How Network Detection & Response (NDR) Monitors OT Environments

OT security monitored by ExeonTrace, swiss-made NDR

Architecting the Optimal OT Security Solution Against Hackers, Thanks to Metadata Analysis and DPI

OT security in 2023: critical infrastructure operators face the challenge of integrating vulnerability monitoring, asset management and network security monitoring. At the same time, additional hardware and software require thorough testing. Sometimes, even electromagnetic certifications are necessary before your new appliance can finally be integrated.

The second typical challenge is that patching is, in some industries, still not possible in a timely manner – some of the recent incidents enumerated below prove this pain point: - In March 2023, an Australian Army helicopter crashed due to a failure to apply a software patch. - In June 2022, the Skyguide air traffic control for Switzerland had to cease work for a few hours as a patched server had to be rebooted. Further details on this technical incident can be found here.

These are just two examples of an underlying problem – on one hand, in the OT security space, a certain number of trainings, certifications and personnel are important to keep the operations up and running. On the other hand, regulators have to certify and/or clear your patches and patching strategy. Transferring this to the security industry and products therein, classic hourly updates for your signatures are probably not going to happen, and, depending on your industry, automatic isolation of hosts or automated firewall changes as response tactics are just as difficult to implement. In addition, for instance, power distributors usually work on a location-based, widely distributed network. Therefore, dedicated installation of hardware on every site to get a complete overview of the network is either not possible from a technical point of view or simply too expensive.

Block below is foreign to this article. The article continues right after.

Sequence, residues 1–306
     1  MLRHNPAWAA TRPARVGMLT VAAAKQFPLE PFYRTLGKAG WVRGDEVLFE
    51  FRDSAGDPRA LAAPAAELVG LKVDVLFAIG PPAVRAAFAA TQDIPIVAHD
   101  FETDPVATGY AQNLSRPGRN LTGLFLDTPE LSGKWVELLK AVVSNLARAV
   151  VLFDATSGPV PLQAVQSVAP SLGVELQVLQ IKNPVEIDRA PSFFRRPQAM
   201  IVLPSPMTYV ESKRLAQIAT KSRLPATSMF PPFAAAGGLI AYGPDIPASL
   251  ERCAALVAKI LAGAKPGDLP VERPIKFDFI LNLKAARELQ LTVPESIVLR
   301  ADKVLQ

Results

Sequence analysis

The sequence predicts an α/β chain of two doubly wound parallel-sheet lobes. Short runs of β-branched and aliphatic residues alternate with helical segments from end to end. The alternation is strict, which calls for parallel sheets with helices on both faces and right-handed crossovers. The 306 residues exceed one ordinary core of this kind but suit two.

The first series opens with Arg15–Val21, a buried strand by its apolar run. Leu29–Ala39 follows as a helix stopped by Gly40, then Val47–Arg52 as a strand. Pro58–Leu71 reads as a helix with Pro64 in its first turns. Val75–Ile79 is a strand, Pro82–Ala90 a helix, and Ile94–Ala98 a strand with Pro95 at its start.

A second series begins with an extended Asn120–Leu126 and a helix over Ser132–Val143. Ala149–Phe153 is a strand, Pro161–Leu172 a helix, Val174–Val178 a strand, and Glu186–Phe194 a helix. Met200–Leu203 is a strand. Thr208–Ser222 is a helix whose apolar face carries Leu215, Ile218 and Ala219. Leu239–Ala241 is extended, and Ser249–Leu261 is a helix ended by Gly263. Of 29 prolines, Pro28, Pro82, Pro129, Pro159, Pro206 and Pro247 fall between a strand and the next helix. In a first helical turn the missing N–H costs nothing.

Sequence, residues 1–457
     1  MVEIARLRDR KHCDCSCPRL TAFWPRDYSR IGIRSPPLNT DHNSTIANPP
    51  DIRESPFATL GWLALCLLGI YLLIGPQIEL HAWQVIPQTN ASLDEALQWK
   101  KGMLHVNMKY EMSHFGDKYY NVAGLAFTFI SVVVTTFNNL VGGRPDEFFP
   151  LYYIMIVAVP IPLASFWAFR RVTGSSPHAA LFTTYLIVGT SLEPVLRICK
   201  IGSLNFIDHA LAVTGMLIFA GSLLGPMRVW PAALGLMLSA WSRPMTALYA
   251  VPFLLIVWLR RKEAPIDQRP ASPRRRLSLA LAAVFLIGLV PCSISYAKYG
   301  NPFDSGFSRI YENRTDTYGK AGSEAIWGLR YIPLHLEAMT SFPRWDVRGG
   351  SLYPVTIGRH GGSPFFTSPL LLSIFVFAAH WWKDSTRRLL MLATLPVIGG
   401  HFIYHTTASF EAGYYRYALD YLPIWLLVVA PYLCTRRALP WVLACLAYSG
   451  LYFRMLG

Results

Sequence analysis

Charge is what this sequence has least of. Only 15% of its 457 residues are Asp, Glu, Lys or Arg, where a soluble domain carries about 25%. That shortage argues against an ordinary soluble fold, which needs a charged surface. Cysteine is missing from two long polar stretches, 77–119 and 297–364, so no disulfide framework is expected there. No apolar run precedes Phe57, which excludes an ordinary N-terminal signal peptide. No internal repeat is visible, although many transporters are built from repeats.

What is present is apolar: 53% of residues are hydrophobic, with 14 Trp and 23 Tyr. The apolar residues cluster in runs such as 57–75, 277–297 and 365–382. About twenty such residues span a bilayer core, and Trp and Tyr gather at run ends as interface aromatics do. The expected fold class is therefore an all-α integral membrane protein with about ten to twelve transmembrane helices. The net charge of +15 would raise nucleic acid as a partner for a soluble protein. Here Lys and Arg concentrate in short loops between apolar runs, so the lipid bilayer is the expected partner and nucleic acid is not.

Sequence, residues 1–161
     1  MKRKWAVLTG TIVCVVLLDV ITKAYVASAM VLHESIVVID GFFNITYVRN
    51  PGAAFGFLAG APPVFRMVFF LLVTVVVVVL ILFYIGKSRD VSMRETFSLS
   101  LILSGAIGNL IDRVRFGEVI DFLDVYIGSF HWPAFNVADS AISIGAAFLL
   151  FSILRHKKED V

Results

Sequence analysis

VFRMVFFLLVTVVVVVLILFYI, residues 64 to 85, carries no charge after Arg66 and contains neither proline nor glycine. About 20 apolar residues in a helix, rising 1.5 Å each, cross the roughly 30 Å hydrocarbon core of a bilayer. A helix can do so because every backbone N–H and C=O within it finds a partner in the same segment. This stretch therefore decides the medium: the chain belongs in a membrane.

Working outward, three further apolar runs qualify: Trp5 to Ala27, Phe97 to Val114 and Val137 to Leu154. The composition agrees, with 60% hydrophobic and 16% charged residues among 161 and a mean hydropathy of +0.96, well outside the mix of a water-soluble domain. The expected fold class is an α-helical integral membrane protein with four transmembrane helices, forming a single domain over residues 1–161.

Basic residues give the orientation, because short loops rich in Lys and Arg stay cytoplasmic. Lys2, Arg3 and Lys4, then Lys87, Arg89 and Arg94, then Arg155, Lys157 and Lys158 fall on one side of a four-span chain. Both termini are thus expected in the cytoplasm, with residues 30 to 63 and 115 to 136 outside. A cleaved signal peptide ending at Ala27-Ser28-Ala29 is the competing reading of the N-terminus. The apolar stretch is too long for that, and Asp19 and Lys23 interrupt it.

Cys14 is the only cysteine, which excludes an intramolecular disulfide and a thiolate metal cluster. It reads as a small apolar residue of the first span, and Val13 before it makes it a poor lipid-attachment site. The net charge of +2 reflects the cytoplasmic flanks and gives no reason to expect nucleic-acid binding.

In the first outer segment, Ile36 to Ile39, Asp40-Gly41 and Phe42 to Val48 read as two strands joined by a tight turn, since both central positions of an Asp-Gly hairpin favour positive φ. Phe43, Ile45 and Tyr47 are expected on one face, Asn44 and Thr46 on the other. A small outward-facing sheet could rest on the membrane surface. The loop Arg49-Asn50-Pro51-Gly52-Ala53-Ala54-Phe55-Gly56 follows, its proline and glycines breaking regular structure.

Requirements for Network Visibility in an OT SOC

To comprehend requirements in OT security regarding SOC setups, it is imperative to understand that most critical infrastructure providers have their own IT SOC but are currently working on expanding the former into an OT SOC area. As such, hiring and continued education remain the challenges they ever were, only increased by the OT vector. This publication by the European Union Agency for Cybersecurity provides good guidance to OT SOC expansion.

OT Security Blog by Exeon - How to set up a CSIRT and SOC

From a technical perspective, most OT SOCs have different requirements – sometimes regarding standards such as ISO 27019 for energy operators and ISO 27799 for medical information security management, extending the classical ISO 27001 scope. The CENELEC TS 50701 extends IEC 62443 specifically for the railway cybersecurity scope.

Solution: Analyzing OT Traffic with Joint DPI and Analytics Architecture

My proposal to this OT security concern is to use XT as a solution to analyze OT traffic with a joint deep packet inspection (DPI) and analytics architecture. Why, you ask? Well, using a DPI sensor in the central operator station to get a full packet capture of critical traffic that passes the operator stations helps to take care of the following threat scenarios:

  • Active communication and ongoing infections of PLCs (Programmable Logic Controllers), the spreading of malware between components